400 Popular Lipstick Shades Found to Contain Lead
Beauty and body care products are continually being ousted as toxin-containing health destroyers. A recent study has added further cause for alarm, finding that 400 popular lipstick shades contained lead. Of course the FDA is assuring consumers that this lead exposure is completely safe, failing to act once more regarding serious health threats lurking in consumer products. The FDA said that lipstick is not meant to be ingested, and is for topical use only. Therefore, it is ‘completely safe’.
Lipstick Shades Shown to Contain Toxic Lead
The federal analysis reviewed top lipstick brands sold to children and adults alike. Purchased between February and July of 2012, all 400 shades came from retail stores. Of the 400 lipstick shades, a list of the top 5 offenders was created:
- Maybelline’s “Color Sensational 125 Pink Petal” at 7.19 ppm of lead.
- L’Oréal’s “Colour Riche 410 Volcanic” at 7.00 ppm.
- NARS’ “Semi-Matte 1005 Red Lizard” at 4.93 ppm.
- Cover Girl Queen Collection’s “Vibrant Hues Color Q580 Ruby Remix” at 4.92 ppm.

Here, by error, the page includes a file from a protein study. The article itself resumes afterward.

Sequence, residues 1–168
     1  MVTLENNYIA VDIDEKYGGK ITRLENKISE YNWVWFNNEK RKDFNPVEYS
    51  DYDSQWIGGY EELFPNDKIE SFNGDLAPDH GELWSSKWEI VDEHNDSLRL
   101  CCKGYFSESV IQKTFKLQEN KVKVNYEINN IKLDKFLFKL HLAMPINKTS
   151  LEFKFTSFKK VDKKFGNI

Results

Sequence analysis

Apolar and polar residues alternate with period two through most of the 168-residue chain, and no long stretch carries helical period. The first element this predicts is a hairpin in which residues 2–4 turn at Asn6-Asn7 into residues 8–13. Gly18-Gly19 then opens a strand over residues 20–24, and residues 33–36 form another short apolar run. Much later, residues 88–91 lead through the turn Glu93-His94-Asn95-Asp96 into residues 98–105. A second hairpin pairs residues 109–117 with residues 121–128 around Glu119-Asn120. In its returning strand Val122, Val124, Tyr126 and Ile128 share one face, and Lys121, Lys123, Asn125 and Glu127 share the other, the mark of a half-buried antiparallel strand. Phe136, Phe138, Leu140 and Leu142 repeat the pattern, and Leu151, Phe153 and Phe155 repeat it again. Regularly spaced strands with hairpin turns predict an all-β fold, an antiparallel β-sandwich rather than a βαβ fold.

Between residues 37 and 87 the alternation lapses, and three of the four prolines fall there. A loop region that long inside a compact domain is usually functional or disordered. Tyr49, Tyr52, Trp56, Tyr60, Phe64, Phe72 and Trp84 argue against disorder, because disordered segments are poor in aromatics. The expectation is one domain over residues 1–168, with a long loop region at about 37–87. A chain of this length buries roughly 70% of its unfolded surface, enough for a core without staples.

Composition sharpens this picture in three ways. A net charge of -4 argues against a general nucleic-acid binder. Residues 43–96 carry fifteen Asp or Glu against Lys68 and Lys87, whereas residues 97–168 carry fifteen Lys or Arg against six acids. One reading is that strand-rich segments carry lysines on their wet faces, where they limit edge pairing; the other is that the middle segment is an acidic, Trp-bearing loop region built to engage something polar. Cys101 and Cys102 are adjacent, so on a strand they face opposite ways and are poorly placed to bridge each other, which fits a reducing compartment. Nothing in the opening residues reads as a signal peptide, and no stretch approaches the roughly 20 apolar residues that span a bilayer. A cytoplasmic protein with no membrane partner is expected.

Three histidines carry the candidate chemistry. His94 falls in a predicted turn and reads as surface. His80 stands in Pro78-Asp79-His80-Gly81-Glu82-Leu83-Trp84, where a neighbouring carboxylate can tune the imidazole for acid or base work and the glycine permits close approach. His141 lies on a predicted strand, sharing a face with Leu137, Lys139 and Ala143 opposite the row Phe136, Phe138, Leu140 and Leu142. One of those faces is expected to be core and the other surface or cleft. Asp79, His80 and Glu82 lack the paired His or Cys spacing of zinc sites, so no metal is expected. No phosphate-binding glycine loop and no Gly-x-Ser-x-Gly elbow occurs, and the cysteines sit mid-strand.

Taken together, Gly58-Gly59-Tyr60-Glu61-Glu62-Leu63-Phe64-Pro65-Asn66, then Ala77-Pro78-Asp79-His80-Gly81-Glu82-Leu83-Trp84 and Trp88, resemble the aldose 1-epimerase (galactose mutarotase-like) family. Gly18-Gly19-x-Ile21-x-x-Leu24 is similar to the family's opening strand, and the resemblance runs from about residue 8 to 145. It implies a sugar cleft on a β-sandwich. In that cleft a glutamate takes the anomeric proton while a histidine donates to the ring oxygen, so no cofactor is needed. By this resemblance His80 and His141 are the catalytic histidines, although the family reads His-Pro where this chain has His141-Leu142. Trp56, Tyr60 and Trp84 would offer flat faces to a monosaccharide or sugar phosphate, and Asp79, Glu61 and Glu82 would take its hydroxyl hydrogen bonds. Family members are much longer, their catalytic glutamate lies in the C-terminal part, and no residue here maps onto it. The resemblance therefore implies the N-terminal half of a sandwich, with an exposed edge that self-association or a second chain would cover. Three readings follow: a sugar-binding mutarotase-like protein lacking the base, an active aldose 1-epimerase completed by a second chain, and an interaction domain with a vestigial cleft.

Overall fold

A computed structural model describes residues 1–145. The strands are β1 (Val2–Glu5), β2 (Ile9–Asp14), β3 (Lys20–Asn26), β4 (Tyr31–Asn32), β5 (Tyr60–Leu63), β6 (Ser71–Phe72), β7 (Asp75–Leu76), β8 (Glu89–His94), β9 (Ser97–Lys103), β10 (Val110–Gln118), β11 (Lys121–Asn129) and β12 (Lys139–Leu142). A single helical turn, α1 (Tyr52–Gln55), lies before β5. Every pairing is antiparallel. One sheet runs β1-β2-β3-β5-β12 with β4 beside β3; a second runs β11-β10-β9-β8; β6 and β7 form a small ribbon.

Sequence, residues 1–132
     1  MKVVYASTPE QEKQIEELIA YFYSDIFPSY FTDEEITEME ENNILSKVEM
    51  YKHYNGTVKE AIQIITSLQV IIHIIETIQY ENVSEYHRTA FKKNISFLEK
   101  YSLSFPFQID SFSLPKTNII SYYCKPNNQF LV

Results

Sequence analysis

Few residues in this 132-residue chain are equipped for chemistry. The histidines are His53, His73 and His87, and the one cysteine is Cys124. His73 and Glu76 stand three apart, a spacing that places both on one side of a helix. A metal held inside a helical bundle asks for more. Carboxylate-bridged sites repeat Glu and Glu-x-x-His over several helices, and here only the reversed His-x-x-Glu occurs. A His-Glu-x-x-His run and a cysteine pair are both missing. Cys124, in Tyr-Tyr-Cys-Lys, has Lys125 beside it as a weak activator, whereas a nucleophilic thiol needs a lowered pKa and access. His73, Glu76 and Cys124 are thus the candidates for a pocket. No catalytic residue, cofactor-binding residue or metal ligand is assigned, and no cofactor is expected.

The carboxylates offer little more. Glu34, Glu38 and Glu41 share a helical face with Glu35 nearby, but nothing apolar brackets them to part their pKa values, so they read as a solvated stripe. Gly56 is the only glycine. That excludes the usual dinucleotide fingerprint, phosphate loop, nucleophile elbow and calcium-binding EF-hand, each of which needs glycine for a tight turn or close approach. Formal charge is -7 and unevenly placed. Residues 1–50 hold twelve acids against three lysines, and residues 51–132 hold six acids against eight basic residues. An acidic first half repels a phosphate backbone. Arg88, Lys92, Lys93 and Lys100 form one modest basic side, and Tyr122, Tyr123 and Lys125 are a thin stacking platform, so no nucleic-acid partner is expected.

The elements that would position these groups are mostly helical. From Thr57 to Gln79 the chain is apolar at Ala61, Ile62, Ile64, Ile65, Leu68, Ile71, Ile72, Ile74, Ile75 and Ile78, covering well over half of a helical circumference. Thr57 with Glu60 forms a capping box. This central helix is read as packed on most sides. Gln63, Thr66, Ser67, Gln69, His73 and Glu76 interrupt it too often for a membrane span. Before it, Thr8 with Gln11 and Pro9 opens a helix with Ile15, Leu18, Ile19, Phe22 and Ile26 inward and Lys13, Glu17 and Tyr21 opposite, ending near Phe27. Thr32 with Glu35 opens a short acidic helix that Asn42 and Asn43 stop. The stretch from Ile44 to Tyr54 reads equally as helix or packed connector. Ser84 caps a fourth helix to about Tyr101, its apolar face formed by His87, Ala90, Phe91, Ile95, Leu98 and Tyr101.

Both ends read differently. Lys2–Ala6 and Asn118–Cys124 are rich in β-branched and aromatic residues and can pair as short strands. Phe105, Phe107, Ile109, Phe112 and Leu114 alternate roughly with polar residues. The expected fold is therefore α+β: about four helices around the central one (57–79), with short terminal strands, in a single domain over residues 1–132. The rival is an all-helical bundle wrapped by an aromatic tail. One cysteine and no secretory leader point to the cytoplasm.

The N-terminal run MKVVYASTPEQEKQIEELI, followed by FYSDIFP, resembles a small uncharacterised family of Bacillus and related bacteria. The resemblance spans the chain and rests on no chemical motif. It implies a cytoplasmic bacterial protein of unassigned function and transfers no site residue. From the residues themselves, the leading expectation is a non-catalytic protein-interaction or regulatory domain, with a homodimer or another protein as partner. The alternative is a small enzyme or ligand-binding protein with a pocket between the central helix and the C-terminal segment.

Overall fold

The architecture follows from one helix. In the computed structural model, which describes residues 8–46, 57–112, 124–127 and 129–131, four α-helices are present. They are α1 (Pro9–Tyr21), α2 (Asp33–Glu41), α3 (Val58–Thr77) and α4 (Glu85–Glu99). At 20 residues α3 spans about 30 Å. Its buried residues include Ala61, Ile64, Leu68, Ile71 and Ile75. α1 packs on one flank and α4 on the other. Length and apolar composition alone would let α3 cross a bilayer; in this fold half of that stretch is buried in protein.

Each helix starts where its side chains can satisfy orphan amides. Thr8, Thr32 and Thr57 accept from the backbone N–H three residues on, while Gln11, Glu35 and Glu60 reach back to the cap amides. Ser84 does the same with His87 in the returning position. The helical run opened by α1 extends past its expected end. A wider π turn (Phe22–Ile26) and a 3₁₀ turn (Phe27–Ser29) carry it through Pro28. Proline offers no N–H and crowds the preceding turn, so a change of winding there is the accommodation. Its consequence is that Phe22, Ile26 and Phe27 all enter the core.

- NARS’ “Semi-Matte 1009 Funny Face” at 4.89 ppm.
For the full list you can visit the FDA’s website.
Amazingly, reports of lead residing in lipstick have been springing up since the 1990s, periodically resurfacing since then. Meanwhile, the FDA continues to assert that such ‘low levels’ of lead exposure is perfectly safe. Despite the fact that kissing, eating, or drinking with lipstick can lead to ingestion (not even mentioning the fact that topical use can still result in exposure), the FDA says that since you aren’t eating the lipstick there is nothing to worry about.
The Campaign for Safe Cosmetics has been leading the charge against lead in lipstick products for years, calling upon the FDA to act. In 2007 the organization tested 33 red lipsticks and reported that two-thirds of the tested products contained lead. What’s more is that one-third exceeded the FDA’s lead limit for candy. As the agency has taken no action, reports continue to surface regarding the presence of not only lead, but mercury in common food and personal care items as well.
Natural Society staff contribution